So far the article from a well known blogger (Felix Salmon, who got the info from ‘Tyler Durden’, another blogger). However, he indicates that all of the outstanding loans ($8+ Trillion!) are potential problems. That really is hard to believe, actually, let us rephrase that, this is nonsense.

This assumes that potentially, nobody pays anything (interest and principle) on their consumer credit or mortgage. We really cannot perceive any situation where that is near likely to happen.

Yes, there are numerous people behind with their monthly payments, and others who have stopped paying altogether, but to assume total default, well, how is that going to happen?

So in the end, this amounts to scaremongering. Which is exactly what we don’t need right now.

Tags: Credit Crisis · Public Policy

4 responses so far ↓

  • 1 Darcy Patten // Apr 9, 2009 at 12:14 am

    Agreed, at this point in the housing crisis the majority of bad mortgages have already been picked off the lowest hanging branches.

    This would leave me to believe that a high percentage of the remaining mortgages are owned by individuals/groups that are unlikely to default.

    People say crazy things to get attention, like one economist saying that there would be blood shed before this financial crisis is over. I think you have just posted another example of one of these people looking for attention.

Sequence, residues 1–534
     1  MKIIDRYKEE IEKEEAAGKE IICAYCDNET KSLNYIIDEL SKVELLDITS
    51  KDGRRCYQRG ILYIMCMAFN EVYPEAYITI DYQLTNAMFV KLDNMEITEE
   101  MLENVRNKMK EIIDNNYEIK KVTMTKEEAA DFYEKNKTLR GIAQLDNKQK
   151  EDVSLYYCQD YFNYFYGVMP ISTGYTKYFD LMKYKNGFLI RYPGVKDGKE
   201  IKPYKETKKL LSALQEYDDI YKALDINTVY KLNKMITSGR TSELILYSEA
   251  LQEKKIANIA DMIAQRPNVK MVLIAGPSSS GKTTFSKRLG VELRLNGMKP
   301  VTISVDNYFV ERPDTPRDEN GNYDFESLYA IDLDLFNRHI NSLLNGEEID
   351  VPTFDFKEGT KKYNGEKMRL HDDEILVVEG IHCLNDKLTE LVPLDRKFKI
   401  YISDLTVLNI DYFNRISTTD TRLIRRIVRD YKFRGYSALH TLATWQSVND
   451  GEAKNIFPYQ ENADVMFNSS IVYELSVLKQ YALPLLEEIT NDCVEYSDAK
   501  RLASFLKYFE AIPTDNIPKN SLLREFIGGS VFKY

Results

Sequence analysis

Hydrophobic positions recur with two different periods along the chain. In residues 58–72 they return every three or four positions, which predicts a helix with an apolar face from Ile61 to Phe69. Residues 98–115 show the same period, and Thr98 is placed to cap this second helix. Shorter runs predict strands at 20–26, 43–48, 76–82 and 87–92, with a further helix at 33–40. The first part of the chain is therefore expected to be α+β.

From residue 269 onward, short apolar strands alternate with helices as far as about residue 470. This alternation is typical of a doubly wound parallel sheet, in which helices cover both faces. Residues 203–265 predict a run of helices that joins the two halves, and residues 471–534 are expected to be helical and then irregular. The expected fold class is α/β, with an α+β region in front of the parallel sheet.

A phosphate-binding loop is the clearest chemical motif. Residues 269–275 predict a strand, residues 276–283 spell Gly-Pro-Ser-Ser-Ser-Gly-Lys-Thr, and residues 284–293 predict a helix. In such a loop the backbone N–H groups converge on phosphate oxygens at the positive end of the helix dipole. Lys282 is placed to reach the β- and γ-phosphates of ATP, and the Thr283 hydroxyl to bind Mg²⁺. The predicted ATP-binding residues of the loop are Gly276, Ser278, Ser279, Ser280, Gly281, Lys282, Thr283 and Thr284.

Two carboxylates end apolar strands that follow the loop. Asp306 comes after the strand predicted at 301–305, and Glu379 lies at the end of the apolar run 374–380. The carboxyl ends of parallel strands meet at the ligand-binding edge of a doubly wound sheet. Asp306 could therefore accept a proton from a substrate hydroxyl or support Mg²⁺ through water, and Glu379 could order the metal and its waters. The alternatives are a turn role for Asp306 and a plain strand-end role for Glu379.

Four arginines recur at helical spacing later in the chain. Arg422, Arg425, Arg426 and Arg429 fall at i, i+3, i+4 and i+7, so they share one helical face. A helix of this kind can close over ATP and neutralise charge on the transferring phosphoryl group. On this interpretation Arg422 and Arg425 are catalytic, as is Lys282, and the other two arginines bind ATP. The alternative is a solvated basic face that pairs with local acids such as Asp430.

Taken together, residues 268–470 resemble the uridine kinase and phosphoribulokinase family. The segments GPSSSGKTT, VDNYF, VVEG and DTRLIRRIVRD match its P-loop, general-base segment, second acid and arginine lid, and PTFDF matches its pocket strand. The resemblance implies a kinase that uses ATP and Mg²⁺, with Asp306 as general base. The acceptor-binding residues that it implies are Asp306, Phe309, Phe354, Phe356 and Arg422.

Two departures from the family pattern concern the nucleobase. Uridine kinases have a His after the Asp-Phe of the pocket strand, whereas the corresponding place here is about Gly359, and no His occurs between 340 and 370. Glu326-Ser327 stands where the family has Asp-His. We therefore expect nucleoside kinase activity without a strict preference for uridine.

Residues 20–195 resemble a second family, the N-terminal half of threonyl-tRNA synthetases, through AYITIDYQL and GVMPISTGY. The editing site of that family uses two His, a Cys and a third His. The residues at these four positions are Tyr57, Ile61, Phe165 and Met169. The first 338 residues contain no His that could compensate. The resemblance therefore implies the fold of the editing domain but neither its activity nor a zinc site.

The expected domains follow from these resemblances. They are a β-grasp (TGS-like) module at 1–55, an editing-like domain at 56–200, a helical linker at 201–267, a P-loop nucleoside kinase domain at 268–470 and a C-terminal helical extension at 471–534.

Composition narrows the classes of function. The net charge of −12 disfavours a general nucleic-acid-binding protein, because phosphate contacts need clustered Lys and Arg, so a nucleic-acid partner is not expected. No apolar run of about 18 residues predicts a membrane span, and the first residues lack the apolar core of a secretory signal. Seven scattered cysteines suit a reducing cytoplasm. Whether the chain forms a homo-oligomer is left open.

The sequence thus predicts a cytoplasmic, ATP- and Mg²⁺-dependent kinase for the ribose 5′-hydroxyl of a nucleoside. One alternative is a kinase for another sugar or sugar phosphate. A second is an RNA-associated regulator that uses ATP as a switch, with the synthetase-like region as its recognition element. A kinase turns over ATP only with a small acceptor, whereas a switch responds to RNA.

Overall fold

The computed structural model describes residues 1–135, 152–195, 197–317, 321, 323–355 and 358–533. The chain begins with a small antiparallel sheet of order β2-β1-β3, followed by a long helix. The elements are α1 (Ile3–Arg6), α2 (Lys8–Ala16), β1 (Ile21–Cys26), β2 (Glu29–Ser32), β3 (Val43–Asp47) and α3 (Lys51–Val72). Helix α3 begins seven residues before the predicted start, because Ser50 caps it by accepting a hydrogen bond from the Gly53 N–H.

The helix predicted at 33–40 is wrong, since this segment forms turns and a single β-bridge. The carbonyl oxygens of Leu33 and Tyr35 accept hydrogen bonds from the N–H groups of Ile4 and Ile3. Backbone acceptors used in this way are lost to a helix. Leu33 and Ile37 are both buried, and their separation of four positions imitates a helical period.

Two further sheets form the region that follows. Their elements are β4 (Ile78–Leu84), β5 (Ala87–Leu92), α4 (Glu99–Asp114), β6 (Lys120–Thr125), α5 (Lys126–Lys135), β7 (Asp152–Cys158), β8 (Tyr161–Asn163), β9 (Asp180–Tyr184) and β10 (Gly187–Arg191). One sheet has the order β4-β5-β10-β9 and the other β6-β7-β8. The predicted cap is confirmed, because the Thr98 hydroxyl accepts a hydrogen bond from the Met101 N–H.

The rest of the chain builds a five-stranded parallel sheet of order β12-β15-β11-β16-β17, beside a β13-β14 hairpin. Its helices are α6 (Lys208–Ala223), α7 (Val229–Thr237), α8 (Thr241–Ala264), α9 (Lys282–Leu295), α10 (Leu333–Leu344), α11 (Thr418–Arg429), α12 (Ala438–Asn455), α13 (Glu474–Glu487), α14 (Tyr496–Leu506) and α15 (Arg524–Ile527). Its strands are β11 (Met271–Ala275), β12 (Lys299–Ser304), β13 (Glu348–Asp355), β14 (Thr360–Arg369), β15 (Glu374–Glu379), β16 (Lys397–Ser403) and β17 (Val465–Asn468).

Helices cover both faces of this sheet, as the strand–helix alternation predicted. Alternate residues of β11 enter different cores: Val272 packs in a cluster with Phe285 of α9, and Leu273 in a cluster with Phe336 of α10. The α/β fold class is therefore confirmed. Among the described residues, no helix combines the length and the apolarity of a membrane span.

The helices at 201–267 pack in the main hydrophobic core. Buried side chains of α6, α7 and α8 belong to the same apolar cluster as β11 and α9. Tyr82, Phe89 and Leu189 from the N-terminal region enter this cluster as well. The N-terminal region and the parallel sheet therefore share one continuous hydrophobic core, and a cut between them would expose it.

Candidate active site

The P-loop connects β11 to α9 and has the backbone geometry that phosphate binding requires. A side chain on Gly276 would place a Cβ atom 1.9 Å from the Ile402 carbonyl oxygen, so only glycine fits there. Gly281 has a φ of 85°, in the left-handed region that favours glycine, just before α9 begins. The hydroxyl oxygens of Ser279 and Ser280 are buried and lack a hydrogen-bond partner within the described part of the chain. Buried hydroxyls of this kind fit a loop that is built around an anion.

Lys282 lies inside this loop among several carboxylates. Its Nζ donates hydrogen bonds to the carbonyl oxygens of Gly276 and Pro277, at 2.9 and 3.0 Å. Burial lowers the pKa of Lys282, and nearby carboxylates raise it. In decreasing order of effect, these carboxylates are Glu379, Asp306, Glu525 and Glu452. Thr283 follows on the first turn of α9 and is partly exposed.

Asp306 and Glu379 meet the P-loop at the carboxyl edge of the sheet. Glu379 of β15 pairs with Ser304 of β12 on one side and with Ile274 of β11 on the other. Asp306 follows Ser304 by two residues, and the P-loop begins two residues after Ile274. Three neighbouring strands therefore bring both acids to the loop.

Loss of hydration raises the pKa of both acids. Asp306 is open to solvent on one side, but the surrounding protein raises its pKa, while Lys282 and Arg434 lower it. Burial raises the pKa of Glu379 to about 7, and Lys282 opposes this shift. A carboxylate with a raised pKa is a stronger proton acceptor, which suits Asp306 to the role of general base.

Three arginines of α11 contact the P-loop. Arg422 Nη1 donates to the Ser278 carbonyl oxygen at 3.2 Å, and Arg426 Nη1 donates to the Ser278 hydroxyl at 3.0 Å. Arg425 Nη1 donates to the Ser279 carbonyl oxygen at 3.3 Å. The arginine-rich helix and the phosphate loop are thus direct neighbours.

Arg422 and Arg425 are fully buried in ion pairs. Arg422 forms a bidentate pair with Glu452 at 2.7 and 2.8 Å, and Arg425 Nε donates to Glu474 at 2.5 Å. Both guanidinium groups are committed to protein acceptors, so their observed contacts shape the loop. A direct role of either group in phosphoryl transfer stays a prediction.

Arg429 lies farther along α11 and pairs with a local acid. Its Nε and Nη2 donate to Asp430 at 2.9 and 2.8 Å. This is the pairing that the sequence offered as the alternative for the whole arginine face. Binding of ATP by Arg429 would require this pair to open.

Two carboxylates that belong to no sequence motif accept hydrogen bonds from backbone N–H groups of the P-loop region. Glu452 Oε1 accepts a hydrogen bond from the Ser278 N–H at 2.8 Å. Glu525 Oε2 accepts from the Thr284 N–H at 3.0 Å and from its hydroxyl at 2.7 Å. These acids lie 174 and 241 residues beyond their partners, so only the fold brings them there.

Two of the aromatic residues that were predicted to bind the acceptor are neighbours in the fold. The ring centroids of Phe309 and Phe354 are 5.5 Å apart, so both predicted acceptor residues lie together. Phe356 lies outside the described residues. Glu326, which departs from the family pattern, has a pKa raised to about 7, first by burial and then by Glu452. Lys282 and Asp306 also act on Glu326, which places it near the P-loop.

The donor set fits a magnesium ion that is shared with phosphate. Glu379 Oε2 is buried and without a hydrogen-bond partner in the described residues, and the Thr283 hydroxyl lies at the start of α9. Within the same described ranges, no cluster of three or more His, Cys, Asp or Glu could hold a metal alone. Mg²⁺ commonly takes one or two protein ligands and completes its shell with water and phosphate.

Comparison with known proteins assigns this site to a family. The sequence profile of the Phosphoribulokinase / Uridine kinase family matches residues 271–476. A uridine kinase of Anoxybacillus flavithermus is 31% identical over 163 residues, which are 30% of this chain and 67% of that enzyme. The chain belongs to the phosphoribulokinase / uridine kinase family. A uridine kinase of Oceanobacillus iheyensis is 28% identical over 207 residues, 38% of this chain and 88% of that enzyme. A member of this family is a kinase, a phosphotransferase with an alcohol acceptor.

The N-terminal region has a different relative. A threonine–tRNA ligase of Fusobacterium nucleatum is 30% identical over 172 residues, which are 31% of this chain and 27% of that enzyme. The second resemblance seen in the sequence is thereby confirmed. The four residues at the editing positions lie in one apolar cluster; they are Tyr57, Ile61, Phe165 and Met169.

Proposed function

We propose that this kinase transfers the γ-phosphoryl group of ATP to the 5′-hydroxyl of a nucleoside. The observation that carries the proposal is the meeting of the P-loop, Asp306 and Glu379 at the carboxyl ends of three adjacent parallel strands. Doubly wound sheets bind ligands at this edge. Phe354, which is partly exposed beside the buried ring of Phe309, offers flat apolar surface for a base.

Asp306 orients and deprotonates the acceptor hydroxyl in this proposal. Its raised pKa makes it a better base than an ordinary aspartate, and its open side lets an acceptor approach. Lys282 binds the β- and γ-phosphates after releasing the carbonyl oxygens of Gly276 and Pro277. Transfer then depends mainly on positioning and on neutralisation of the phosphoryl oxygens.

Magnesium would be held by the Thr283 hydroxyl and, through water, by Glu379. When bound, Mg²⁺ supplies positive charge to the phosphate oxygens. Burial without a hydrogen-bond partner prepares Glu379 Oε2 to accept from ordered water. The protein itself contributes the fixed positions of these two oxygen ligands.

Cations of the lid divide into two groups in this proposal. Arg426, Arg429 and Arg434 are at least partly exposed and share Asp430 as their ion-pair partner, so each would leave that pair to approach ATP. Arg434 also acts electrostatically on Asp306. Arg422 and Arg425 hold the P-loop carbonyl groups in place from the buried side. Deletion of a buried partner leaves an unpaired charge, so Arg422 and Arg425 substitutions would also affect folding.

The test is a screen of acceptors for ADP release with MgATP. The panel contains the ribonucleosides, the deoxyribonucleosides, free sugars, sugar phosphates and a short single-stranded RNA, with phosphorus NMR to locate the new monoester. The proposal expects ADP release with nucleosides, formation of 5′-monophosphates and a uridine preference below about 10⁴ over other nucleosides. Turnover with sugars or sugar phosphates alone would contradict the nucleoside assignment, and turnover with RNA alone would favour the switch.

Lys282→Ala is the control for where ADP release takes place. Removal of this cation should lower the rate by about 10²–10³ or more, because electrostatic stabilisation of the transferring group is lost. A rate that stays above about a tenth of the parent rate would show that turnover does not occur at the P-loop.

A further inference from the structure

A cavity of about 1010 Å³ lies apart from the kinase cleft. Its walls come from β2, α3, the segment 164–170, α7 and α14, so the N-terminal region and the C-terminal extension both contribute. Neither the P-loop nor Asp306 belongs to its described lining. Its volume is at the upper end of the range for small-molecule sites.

• 2 Are the banks really ok? — shareholdersunite.com // Apr 9, 2009 at 8:36 pm

    […] Darcy Patten: Agreed, at this point in the h […]

  • 3 C Knight // May 20, 2009 at 3:55 pm

    Maybe we need fear mongering to give those bankers and regulator a motivation to do the right thing for a change. Lets not forget in the last decade or even more recent current events: I know there are “INVESTOR guidelines” and rules: SEC, FTC, FDIC, FNMA, TARP,
    Freddie MAC and an even more powerful and ignored absolute rule of INTEGRITY.

    I think that people are just tired of hearing all the excuses and finger pointing by these out-of-touch-with-reality millionaire investors, regulators, and bank executives saying there is nothing that they can do. From Enron, Martha Steward, the Keating Five Inquiry to Bernard Madoff: no dis-respect, but current history and our current economy shows me that banks and regulators do what ever they want to do.